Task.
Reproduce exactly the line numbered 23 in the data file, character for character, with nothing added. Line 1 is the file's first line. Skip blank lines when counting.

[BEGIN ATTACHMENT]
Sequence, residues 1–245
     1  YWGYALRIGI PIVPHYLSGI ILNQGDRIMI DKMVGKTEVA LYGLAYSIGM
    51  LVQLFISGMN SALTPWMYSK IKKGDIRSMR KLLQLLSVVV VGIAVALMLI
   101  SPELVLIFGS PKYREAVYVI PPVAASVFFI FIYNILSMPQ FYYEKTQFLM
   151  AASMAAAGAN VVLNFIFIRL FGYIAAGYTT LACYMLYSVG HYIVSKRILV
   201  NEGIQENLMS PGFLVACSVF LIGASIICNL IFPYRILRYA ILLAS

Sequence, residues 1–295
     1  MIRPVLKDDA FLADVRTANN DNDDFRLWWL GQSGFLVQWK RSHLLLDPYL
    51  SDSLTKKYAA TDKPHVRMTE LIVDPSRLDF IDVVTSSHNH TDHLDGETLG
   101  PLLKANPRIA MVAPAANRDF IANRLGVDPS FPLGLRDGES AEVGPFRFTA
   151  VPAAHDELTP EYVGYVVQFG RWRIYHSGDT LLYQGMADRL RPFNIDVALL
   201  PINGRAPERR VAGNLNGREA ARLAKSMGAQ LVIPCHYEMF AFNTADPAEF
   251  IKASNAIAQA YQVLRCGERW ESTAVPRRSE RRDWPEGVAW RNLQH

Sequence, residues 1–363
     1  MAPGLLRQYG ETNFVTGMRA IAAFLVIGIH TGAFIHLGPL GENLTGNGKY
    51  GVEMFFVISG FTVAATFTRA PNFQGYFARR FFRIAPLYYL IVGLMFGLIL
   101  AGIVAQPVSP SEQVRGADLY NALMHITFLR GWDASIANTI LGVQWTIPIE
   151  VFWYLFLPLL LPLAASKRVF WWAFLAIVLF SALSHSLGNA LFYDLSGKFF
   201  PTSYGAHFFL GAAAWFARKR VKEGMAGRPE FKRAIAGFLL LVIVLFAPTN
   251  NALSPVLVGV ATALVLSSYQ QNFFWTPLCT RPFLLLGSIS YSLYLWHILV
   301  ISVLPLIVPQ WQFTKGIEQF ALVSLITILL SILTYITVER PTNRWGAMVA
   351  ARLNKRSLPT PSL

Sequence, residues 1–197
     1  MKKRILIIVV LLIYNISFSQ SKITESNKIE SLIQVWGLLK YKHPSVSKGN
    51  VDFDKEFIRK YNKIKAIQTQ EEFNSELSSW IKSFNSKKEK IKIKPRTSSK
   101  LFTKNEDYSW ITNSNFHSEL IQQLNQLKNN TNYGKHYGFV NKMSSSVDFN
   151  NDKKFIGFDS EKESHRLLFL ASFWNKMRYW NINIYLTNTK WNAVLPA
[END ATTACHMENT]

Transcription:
Sequence, residues 1–197